mockery of their claim to the moral high ground in their declared quest
to confer freedom and democracy upon every nation within the reach of
American power.

President Bush by default actually has made Pakistan a greater danger to
the South Asian region and even beyond than it has ever been.

This is not merely because his failure to act decisively allowed
Musharraf to let A. Q. Khan personally off the hook. It is because no
measures were taken to make continued US support of Pakistan dependent
on their initiating the kinds of changes in the country’s domestic
political environment that would prevent the reoccurrence of persons
like A. Q. Khan and all that he represents.

It includes the Pakistani dictator’s failure so far to honor his pledges
to democratize his country, to dismantle the infrastructure of deceit
and corruption which nourishes Pakistan’s patronage-ridden,
military-dominated industrial complex, and to create a modern, secular
educational system to replace the madrassas that are currently the
principal recruiting ground of some religious parties at home and Al
Qaeda abroad.

The fact that these measures have never exceeded token levels of
implementation is why Pakistani society remains vulnerable to political
breakdown which, if it occurs, might well tilt the balance of power
toward the fundamentalist forces lurking in the political wings.

Should this prove to be the case, A. Q. Khan’s dream would come true:
The “Islamic bomb’ will become a reality. The formidable quantities of
American arms ( including F-16s?) Dispatched to Pakistan under the aegis
of its recently established status as a Non-NATO Ally will become an
arsenal of the most up-to-date weaponry, pointed both at democratic
India and democratically evolving Afghanistan. In the end, ironically,
such an eventuality would threaten America herself.

If you doubt the latter, then ponder the words of General Hamid Gul,
“the notorious former head of Pakistan’s intelligence service (ISI)” who
is currently “strategic advisor” to the Muttahida Majlis-e-Amal , and
embodies the political outlook of this group of six fundamentalist
parties that would be a major player in any radical Islamist government
assuming power should the Musharraf regime collapse.

In a statement appearing on the front page of the Urdu daily newspaper,
Nawa-e-Waqt, General Gul declared that the “leadership vacuum created by
the sad demise of President Arafat can only be filled by Osama bin Laden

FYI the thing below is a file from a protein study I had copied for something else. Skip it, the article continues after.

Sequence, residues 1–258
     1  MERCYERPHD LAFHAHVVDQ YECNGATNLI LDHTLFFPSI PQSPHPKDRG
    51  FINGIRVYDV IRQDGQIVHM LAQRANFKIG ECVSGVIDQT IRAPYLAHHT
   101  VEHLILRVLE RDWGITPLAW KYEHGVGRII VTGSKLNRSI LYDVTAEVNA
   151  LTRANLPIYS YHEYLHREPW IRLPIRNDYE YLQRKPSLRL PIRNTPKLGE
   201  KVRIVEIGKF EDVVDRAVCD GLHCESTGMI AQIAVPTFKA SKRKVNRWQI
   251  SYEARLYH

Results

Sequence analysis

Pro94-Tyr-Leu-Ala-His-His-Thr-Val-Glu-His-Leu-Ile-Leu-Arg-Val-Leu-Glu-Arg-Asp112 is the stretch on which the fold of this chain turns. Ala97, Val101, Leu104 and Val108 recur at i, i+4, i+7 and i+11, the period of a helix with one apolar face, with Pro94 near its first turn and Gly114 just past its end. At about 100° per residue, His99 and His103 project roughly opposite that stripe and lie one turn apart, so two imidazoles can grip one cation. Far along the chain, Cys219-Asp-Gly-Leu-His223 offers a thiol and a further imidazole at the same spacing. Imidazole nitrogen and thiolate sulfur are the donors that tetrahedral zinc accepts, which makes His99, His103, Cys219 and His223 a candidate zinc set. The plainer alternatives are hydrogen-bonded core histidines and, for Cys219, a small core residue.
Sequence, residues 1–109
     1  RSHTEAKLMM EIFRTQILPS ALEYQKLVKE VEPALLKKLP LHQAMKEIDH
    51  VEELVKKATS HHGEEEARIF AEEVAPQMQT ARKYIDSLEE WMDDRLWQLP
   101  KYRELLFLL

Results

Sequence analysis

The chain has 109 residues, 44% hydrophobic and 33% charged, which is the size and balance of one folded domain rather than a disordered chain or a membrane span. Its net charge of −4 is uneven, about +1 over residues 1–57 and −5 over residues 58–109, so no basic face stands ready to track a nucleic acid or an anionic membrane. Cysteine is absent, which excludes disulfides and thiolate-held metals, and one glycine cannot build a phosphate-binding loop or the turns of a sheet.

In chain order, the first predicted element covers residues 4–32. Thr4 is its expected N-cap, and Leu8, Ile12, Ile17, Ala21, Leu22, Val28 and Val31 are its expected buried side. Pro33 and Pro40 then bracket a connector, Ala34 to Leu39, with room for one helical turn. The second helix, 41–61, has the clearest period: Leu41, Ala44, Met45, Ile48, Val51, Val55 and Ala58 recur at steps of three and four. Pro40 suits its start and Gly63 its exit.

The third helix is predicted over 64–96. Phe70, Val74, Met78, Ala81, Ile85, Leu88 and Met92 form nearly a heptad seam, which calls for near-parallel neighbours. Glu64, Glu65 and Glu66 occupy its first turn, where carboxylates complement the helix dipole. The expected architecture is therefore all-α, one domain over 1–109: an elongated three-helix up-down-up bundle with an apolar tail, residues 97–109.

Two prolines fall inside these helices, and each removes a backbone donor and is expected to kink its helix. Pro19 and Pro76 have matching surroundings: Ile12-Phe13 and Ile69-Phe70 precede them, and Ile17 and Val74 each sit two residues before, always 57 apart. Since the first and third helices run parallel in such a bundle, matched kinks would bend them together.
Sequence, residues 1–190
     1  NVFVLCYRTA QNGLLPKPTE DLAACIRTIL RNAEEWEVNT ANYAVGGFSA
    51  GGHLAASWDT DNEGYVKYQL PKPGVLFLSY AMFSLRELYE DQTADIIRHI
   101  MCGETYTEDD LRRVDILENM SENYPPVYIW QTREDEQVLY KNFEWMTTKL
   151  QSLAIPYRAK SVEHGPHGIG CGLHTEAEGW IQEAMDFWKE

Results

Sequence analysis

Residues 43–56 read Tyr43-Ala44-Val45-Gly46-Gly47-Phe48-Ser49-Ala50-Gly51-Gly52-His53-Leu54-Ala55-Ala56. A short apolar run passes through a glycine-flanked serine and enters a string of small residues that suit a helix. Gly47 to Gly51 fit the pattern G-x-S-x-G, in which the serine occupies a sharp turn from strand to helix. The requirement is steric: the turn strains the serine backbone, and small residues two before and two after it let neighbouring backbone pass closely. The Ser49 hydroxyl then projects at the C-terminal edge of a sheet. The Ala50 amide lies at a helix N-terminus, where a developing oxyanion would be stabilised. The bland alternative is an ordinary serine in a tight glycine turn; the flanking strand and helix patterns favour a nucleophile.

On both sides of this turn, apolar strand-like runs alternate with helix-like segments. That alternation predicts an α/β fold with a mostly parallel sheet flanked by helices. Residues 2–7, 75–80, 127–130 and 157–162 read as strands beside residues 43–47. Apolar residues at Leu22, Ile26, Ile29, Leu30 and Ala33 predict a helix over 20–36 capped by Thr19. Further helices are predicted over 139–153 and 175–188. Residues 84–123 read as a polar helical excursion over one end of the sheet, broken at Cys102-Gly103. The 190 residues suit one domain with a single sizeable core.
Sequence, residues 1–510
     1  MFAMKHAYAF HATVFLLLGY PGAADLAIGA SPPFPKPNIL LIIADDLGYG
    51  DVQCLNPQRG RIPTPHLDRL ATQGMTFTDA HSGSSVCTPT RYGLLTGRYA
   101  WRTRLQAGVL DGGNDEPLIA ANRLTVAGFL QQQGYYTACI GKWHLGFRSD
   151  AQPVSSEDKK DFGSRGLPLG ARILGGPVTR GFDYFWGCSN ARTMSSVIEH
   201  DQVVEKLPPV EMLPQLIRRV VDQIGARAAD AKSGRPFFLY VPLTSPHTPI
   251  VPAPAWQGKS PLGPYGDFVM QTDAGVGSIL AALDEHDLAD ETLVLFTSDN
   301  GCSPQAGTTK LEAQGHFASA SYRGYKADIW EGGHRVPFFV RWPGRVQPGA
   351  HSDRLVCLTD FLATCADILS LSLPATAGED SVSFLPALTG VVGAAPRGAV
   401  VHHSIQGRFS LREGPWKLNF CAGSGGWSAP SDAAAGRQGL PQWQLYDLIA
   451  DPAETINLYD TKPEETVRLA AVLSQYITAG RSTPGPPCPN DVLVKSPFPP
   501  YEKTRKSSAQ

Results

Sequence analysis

and Mullah Omar, the real leaders that are the only dedicated
individuals with the mass support of the Muslim world.” (The source for
these quotations is Arnaud de Borchgrave, editor-at-large of the
Washington Times.)

For reasons like this, there are thoughtful people in high places in the
United States who seriously question the wisdom of pursuing the
old-fashioned, Cold War emphasis on military assistance as the best
means of assuring the kind of stable Pakistan that will best serve
American strategic interests in the region.

Says Congressman Gary Ackerman, co-chair of the India caucus, concerning
the A. Q. Khan affair, “How do we turn over material and things to the
Pakistanis that have to do with America’s security interests, when
Pakistan has demonstrated it does not even have control over its atomic
program...?” (India Abroad interview, January 28.)

For two generations, the United States has pursued a grand strategy
inherited from the British in the dying days of the Empire, which
envisioned the newly created Pakistan (1946) as the fulcrum of a Western
security structure which simultaneously anchored the Middleastern right
flank and the South Asian left flank. The policy was a failure as the
State upon which the US placed its bets was a political house of cards
and an economic basket case.

It relied on the ability of a coterie of generals and feudal landlords
who had no legitimacy among the masses to build and maintain a military
machine out of all proportion to the country’s capacity to sustain it.
Political control could be maintained only by thwarting the development
of popular government and promoting a permanent state of war against its
neighbor, India.

Even President Dwight D. Eisenhower, whose secretary of state was the
policy’s architect, quickly saw through its futility within two years of
its inception.

“It was a terrible error,” he declared, in a National Security Council
meeting, “but now we seem hopelessly involved in it.” He concluded that